Was the thought of my home being a "starter home" a reason to leave? I'm sitting here in my mid-thirties with four kids, I can afford something nicer and bigger, so surely I should upgrade from this starter home, right? After all, I'm not "starting" anymore. But the more I thought, the more that term bothered me -- in two different ways.
It's the holiday season, so most parents I know, including myself, are trying to instill a sense of gratitude in our kids, instead of a greedy "gimme gimme gimme" attitude.
As a therapist, I always encourage people to clarify their values and live in a way that makes them proud, happy, and fulfilled. This is usually not through the accumulation of material possessions and staying in jobs you don't like to make more money.
While none of these nine money saving tips are life-changing on their own and some may not even apply to you, the important takeaway is that there are hundreds of easy ways to save money. Just choose a few, apply them to your life on a regular basis, and see the difference they make.
Debt is the four-letter word Americans hate to hear. Today, the average American household has debts totaling around $7,200. According to Aimee Picchi on CBS Moneywatch, American household credit card debt is increasing despite the fact that average household earnings have not experienced a similar increase to account for that new debt.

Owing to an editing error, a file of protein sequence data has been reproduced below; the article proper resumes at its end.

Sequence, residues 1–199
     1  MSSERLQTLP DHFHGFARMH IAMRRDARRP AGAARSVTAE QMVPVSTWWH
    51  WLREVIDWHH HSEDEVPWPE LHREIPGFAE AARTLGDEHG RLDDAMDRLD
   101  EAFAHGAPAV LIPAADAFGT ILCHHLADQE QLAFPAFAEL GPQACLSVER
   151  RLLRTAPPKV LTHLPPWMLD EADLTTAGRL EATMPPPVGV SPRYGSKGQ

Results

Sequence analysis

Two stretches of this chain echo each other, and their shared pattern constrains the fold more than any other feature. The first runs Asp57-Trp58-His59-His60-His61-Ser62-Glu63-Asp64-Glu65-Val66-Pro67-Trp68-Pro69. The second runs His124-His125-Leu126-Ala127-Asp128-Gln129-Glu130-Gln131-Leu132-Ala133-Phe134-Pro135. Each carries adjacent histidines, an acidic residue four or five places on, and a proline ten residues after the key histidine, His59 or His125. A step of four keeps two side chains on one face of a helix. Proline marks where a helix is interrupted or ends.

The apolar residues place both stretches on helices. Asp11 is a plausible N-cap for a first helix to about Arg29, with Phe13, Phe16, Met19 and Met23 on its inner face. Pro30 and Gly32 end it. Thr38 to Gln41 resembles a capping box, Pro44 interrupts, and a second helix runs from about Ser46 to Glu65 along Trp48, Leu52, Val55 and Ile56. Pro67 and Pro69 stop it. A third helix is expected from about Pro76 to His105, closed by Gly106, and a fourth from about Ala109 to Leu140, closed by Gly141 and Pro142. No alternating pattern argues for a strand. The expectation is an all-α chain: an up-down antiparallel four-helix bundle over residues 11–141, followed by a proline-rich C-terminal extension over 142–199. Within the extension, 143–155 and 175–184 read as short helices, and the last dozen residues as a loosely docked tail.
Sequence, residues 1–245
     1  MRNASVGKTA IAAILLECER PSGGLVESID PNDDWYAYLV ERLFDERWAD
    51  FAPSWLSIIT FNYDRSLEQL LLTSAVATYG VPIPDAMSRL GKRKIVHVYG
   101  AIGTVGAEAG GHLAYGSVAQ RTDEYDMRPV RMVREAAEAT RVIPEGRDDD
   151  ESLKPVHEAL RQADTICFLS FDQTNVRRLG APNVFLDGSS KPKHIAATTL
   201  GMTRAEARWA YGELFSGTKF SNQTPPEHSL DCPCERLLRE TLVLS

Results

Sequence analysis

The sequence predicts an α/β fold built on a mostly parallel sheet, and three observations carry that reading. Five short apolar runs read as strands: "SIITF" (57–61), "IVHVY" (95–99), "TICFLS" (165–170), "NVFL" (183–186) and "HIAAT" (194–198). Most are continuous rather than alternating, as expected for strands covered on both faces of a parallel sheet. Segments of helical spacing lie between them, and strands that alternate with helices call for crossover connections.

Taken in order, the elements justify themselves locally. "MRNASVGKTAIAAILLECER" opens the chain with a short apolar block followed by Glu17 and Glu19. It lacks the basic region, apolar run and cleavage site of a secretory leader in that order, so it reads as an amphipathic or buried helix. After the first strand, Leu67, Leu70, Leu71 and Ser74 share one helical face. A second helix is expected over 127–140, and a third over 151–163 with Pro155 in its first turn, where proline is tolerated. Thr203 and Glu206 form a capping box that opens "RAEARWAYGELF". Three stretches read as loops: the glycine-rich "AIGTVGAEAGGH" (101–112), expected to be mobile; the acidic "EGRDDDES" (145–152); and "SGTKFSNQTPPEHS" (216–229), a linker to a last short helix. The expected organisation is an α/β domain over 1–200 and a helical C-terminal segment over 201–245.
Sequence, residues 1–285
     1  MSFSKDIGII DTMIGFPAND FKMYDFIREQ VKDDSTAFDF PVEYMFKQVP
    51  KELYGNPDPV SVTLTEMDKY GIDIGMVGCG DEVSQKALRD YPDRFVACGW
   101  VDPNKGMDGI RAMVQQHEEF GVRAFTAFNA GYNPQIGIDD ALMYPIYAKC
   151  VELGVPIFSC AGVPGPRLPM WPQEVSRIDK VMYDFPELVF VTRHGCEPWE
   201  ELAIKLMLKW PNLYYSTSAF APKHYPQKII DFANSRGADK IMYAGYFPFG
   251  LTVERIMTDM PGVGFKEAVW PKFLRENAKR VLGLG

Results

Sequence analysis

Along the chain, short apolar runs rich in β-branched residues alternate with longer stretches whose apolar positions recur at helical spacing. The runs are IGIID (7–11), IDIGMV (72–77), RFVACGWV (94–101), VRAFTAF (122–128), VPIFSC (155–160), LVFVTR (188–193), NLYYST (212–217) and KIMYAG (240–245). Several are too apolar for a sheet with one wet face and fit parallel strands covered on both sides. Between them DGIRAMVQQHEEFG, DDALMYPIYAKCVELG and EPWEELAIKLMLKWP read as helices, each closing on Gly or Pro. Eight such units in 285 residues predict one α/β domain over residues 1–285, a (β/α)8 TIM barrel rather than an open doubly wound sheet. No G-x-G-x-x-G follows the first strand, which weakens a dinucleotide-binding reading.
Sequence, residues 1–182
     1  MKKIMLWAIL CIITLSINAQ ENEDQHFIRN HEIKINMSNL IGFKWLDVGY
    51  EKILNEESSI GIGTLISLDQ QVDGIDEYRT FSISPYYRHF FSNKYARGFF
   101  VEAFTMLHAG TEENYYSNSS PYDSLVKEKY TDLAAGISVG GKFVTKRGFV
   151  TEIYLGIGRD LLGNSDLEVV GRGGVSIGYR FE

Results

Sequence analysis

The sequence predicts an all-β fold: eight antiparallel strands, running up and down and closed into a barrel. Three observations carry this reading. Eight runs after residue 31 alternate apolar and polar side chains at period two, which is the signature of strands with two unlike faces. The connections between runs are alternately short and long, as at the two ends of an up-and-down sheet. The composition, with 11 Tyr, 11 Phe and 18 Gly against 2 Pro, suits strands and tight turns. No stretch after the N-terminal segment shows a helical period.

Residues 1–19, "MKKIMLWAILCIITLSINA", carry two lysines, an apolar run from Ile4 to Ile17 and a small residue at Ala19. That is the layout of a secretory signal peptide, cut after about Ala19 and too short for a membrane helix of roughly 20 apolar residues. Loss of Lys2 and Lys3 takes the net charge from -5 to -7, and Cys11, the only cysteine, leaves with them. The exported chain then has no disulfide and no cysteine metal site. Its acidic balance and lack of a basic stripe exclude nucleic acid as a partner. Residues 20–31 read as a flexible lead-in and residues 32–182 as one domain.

If the eye-rolling and heavy sighs of impatient customers waiting for the cashier to process your stack of coupons leave you utterly mortified, extreme couponing might not be for you. But, that doesn't mean you should avoid couponing altogether.
Saving money is one of the hardest things to do on a consistent basis. An estimated 28 percent of Americans don't have any money set aside for emergencies at all, and just under half of the American population claims to have less than three months' worth of household expenses saved.
I didn't understand why my parents didn't spend money -- and why they never let themselves live a little or take a break from the never-ending quest to save that last dollar. By the time I left for college, I was tired of feeling embarrassed about money, and vowed that I'd finally live the life I thought I deserved as an adult.